A parenting program where fathers engage with their children through reading was found to boost the fathers' parenting skills while also improving the preschoolers' school readiness and behavior, finds a new study.
Providing medical assistance in dying to people in Canada will not increase health care costs, and could reduce spending by between $34.7 and $138.8 million, according to a new research paper. The savings exceed the $1.5 million to $14.8 million in direct costs associated with implementing medical assistance in dying.
While not much is known about the animals living around coral reefs, ex-Marine turned researcher Harry Conley would often take to the island of Guam, and dig deep into the rubble to find fascinating critters as if by magic learnt at Hogwarts. Years after his discoveries and his death, a secret is revealed -- a new species and genus of crab, Harryplax severus.
A football field used by schools surrounding Johnson Space Center in Houston will take on a new name in memory of the astronauts who died in a launch pad fire 50 years ago. Apollo Field joins a number of memorials on and off Earth for the fallen crew.
The first set of images from the GOES-16 satellite have been released by National Oceanic and Atmospheric Administration (N0AA). The geostationary satellite will be used for weather forecasting, severe storm tracking and more.
An anonymous reader writes: According to the Mercury News, Oracle is laying off approximately 450 employees in its Santa Clara hardware systems division. Reports at The Layoff, a discussion board for technology business firings, claim about 1,800 employees company-wide are being pink-slipped. Oracle claims the company isn't closing the Santa Clara facility with this reduction in force. Instead, "Oracle is refocusing its Hardware Systems business, and for that reason, has decided to lay off certain of its employees in the Hardware Systems Division."
Many meteorites found on Earth are remnants of one titanic solar-system collision that took place more than 460 million years ago. But researchers have found the composition of space rocks before then are quite different than those today.
Satirical news programs, often dismissed as mere entertainment, have real political effects on the people who watch them, new research suggests. A study found that people chose satirical news that matched their pre-existing attitudes -- liberal or conservative -- and that watching satirical news reinforced those attitudes as much as watching serious news.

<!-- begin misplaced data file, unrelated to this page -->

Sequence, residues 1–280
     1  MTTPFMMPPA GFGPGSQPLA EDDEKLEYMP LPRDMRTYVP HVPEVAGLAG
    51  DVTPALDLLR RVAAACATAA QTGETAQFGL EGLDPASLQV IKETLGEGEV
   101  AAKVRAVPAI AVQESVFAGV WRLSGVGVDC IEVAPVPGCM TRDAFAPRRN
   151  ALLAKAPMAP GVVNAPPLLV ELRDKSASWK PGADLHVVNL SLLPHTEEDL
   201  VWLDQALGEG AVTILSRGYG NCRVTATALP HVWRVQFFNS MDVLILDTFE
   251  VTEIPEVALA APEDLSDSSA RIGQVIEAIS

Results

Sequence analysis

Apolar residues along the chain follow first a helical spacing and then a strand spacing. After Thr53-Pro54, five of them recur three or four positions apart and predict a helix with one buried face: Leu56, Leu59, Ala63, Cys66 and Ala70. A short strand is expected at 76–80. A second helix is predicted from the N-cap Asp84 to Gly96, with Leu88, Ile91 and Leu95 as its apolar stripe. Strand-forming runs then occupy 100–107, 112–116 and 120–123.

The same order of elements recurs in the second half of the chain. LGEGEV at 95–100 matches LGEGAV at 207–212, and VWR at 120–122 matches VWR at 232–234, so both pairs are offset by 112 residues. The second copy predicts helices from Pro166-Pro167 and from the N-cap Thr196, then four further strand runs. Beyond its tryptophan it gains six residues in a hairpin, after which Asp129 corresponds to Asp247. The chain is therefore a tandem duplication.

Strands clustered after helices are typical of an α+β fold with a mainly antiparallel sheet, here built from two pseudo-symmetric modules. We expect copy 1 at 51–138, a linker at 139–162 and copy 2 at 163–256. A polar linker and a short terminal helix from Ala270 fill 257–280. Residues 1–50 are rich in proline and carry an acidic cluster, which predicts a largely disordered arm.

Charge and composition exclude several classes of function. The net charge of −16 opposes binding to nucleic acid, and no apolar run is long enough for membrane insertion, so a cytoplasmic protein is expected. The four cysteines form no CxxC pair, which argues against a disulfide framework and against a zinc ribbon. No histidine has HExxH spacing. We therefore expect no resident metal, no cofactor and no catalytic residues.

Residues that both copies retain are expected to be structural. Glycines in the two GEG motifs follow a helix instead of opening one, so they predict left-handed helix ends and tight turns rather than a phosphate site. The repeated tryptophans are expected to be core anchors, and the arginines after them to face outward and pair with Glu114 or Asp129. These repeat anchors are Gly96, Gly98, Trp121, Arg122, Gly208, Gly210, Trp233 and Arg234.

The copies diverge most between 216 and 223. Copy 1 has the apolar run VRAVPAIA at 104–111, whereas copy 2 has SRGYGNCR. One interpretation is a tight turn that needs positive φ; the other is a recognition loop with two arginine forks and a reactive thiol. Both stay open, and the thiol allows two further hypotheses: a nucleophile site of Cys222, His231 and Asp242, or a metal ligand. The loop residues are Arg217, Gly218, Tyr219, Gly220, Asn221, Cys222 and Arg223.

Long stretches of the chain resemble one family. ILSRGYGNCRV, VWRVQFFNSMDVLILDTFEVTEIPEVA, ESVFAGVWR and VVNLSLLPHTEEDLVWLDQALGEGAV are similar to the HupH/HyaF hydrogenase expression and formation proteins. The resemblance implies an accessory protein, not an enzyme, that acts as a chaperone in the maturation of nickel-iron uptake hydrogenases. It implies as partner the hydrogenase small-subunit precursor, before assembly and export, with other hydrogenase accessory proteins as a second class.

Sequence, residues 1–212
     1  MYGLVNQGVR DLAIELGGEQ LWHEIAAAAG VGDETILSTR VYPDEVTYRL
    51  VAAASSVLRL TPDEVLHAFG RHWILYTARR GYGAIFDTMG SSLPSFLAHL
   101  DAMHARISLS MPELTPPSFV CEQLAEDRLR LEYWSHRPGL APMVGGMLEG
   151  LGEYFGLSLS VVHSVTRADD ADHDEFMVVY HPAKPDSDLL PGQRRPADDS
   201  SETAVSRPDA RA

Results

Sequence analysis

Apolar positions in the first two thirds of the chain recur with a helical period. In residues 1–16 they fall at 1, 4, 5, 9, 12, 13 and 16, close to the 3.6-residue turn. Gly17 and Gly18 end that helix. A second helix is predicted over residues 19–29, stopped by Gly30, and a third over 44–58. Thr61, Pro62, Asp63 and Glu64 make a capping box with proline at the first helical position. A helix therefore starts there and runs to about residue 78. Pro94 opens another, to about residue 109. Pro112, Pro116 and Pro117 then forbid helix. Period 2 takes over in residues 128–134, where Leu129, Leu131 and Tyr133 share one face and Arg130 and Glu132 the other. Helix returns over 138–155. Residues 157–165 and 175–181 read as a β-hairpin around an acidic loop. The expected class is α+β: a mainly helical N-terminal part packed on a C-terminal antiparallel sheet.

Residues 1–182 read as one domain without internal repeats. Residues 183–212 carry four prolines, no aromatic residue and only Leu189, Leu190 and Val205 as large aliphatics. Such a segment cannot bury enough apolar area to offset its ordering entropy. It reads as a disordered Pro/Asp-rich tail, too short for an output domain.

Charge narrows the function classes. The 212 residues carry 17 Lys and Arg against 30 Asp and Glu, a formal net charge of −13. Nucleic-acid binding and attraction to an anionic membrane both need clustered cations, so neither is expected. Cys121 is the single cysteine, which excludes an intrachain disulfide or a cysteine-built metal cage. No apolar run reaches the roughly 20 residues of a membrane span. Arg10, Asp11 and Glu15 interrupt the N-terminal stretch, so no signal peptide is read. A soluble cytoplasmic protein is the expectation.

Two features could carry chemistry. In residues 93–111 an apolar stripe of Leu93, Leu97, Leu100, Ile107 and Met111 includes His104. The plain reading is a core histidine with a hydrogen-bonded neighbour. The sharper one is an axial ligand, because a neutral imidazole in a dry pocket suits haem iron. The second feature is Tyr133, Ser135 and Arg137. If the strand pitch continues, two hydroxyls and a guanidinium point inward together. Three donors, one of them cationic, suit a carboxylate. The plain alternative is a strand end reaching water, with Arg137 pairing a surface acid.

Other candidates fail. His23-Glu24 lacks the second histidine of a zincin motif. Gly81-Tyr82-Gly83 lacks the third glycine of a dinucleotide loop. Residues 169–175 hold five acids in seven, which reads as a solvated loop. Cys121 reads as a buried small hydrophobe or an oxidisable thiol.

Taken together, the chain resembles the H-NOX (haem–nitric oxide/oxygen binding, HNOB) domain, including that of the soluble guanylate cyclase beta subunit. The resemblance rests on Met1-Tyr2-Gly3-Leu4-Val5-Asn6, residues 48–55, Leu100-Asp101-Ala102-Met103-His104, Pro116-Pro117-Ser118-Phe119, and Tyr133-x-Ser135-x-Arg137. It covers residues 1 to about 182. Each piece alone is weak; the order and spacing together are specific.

Later start times could help Canadian teens’ grades and health, research indicates. Researchers found that students from schools that started earlier slept less, were less likely to meet the national sleep recommendations for their age, and were more often tired in the morning.
New research addresses the lack of knowledge about how B cell metabolism adapts to each of their various environments -- development in the bone marrow, proliferation and hypermutation in the lymph nodes and spleen and circulation in the blood. New findings show that the protein GSK3 acts as a metabolic sensor, or checkpoint, that promotes the survival of circulating B cells while limiting growth and proliferation of B cells in germinal centers.
A large extinct otter, Siamogale melilutra, has been found in the Miocene Shuitangba site in northeastern Yunnan Province in China. The new prehistoric otter was the size of a modern wolf and is one of the largest otter species known to science.
Free will describes the ability to make independent choices, where the outcome of the choice is not influenced by past events. In this study, researchers show that Chinese teenagers who believe in free will also show increased happiness, suggesting that this phenomenon is not influenced by Western/Asian cultural differences.
Researchers have managed to show how the cells in a plant, a multicellular organism, determine their size and regulate their growth over time. The findings overturn previous theories in the field and are potentially significant for the future of agriculture and forestry -- as it reveals more about one of the factors which determine the size of plants and fruits.
The popular Pattern Lock system used to secure millions of Android phones can be cracked within just five attempts -- and more complicated patterns are the easiest to crack, security experts reveal. From a research paper: Pattern Lock is a security measure that protects devices, such as mobile phones or tablets, and which is preferred by many to PIN codes or text passwords. It is used by around 40 percent of Android device owners. In order to access a device's functions and content, users must first draw a pattern on an on-screen grid of dots. If this matches the pattern set by the owner then the device can be used. However, users only have five attempts to get the pattern right before the device becomes locked. New research from Lancaster University, Northwest University in China, and the University of Bath, which benefitted from funding from the Engineering and Physical Sciences Research Council (EPSRC), shows for the first time that attackers can crack Pattern Lock reliably within five attempts by using video and computer vision algorithm software. By covertly videoing the owner drawing their Pattern Lock shape to unlock their device, while enjoying a coffee in a busy cafe; for example, the attacker, who is pretending to play with their phone, can then use software to quickly track the owner's fingertip movements relative to the position of the device. Within seconds the algorithm produces a small number of candidate patterns to access the Android phone or tablet.